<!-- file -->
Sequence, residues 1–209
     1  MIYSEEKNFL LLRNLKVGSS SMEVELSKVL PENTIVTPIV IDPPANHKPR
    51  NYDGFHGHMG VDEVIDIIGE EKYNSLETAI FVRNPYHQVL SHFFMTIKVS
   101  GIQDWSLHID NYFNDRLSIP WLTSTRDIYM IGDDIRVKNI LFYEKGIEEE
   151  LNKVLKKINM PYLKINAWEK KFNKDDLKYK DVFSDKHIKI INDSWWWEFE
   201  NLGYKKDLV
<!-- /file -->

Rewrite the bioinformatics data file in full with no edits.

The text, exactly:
Sequence, residues 1–209
     1  MIYSEEKNFL LLRNLKVGSS SMEVELSKVL PENTIVTPIV IDPPANHKPR
    51  NYDGFHGHMG VDEVIDIIGE EKYNSLETAI FVRNPYHQVL SHFFMTIKVS
   101  GIQDWSLHID NYFNDRLSIP WLTSTRDIYM IGDDIRVKNI LFYEKGIEEE
   151  LNKVLKKINM PYLKINAWEK KFNKDDLKYK DVFSDKHIKI INDSWWWEFE
   201  NLGYKKDLV